The main focus of this course, however, is the design component. In the past, the design projects have varied annually, but they have usually involved the design of small objects such as cannons, ships, etc. The Environmental Engineering Program at Rensselaer, however, has delivered this subject matter in the context of Process Design for Environmental Systems. Before the first author joined this institution (Fall 2003), this course was taught as a hands-on Introduction to Water Quality with student teams focused on production of devices like portable (back-packing style) water filters. More recently, the author delivered this course in the context of Air Quality, where the projects often involved the design of air cleaner systems or aerosol laboratory instrumentation.

In 2005, the School of Engineering conducted a major re-structuring of IED and a renewed emphasis on hands-on projects was implemented. This new focus on project-based learning is in accordance with trends around the country 1. The first author embraced some of the recent changes to the course and adopted additional ones to tailor the needs of the Environmental Engineering majors. In particular, the projects chosen for the Environmental Engineering section revolve around issues of Sustainable Development. The proposed overall project for this semester is to design a system to provide potable water to poor communities in the developing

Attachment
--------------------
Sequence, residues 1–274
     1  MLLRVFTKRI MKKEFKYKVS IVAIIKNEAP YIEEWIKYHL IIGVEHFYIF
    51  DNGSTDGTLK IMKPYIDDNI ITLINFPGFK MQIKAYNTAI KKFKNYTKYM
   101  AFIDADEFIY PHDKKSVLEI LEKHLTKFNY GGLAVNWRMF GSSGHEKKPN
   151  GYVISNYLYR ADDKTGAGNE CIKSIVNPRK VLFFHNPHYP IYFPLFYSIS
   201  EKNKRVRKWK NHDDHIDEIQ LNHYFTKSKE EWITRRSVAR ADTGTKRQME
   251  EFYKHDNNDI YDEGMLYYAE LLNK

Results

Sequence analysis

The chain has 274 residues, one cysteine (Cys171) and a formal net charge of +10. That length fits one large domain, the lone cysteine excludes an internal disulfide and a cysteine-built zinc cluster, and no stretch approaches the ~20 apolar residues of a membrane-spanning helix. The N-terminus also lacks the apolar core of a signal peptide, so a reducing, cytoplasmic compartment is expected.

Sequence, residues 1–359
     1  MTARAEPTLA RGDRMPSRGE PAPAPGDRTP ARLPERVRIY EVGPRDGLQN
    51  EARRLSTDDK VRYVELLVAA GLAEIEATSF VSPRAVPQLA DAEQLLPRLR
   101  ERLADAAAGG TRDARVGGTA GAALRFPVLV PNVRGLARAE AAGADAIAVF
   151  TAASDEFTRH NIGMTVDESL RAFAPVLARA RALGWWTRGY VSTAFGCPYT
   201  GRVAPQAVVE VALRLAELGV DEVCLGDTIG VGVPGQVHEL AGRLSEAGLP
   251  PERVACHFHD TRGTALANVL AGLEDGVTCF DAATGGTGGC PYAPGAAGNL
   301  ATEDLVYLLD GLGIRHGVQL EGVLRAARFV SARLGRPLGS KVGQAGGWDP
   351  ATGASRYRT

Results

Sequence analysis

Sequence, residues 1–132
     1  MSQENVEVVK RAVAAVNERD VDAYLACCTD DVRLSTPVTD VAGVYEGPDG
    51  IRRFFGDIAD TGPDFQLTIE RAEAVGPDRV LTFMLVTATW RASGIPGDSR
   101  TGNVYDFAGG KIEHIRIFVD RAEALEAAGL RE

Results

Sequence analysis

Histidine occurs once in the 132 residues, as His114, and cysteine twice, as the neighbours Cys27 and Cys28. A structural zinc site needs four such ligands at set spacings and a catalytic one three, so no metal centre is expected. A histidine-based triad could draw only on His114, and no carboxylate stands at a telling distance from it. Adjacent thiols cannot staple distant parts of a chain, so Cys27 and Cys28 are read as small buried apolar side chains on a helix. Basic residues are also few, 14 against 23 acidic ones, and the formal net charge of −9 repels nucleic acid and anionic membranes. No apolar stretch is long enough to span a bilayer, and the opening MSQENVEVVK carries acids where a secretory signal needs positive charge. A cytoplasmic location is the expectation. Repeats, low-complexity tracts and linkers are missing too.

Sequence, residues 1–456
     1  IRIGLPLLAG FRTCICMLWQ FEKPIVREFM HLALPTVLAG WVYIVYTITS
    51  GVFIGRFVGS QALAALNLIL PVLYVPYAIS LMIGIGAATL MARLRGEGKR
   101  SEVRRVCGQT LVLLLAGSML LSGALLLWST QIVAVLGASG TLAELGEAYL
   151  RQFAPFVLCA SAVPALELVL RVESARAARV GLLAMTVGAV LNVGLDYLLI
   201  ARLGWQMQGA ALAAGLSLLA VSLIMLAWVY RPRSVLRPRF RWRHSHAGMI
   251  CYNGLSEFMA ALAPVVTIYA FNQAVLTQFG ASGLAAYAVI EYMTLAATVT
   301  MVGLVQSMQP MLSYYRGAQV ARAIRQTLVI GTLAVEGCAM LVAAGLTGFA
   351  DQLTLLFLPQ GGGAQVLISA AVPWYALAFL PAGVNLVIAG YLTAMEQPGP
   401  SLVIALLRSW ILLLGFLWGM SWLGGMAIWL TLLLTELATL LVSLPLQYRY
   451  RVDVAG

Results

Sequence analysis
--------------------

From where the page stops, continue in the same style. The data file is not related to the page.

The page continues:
Komisar, S., & Montoya, L. (2006, June), Introduction To Engineering Design Through Environmental Engineering Projects Paper presented at 2006 Annual Conference & Exposition, Chicago, Illinois. 10.18260/1-2--1345

ASEE holds the copyright on this document. It may be read by the public free of charge. Authors may archive their work on personal websites or in institutional repositories with the following citation: © 2006 American Society for Engineering Education. Other scholars may excerpt or quote from these materials with the same citation. When excerpting or quoting from Conference Proceedings, authors should, in addition to noting the ASEE copyright, list all the original authors and their institutions and name the host city of the conference. - Last updated April 1, 2015